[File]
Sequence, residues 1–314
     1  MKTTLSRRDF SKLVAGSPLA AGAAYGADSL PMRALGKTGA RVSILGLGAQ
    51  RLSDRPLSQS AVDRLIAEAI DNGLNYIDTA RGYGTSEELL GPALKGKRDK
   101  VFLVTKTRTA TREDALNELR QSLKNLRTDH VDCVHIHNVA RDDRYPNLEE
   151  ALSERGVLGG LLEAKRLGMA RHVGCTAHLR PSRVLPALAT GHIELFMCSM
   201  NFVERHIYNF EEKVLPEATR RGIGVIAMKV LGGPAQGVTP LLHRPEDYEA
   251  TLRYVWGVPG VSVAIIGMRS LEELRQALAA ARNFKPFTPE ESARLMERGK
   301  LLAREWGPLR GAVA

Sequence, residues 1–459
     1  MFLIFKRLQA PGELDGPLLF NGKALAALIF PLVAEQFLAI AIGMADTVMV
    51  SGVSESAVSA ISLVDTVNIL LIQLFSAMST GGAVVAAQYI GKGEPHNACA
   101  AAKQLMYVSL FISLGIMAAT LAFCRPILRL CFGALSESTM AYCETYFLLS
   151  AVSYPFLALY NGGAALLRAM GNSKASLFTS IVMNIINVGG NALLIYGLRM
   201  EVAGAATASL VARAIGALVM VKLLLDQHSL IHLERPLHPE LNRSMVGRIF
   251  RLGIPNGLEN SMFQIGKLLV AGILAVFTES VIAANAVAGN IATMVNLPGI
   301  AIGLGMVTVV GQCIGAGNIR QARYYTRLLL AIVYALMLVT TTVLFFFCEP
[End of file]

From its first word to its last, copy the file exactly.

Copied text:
Sequence, residues 1–314
     1  MKTTLSRRDF SKLVAGSPLA AGAAYGADSL PMRALGKTGA RVSILGLGAQ
    51  RLSDRPLSQS AVDRLIAEAI DNGLNYIDTA RGYGTSEELL GPALKGKRDK
   101  VFLVTKTRTA TREDALNELR QSLKNLRTDH VDCVHIHNVA RDDRYPNLEE
   151  ALSERGVLGG LLEAKRLGMA RHVGCTAHLR PSRVLPALAT GHIELFMCSM
   201  NFVERHIYNF EEKVLPEATR RGIGVIAMKV LGGPAQGVTP LLHRPEDYEA
   251  TLRYVWGVPG VSVAIIGMRS LEELRQALAA ARNFKPFTPE ESARLMERGK
   301  LLAREWGPLR GAVA

Sequence, residues 1–459
     1  MFLIFKRLQA PGELDGPLLF NGKALAALIF PLVAEQFLAI AIGMADTVMV
    51  SGVSESAVSA ISLVDTVNIL LIQLFSAMST GGAVVAAQYI GKGEPHNACA
   101  AAKQLMYVSL FISLGIMAAT LAFCRPILRL CFGALSESTM AYCETYFLLS
   151  AVSYPFLALY NGGAALLRAM GNSKASLFTS IVMNIINVGG NALLIYGLRM
   201  EVAGAATASL VARAIGALVM VKLLLDQHSL IHLERPLHPE LNRSMVGRIF
   251  RLGIPNGLEN SMFQIGKLLV AGILAVFTES VIAANAVAGN IATMVNLPGI
   301  AIGLGMVTVV GQCIGAGNIR QARYYTRLLL AIVYALMLVT TTVLFFFCEP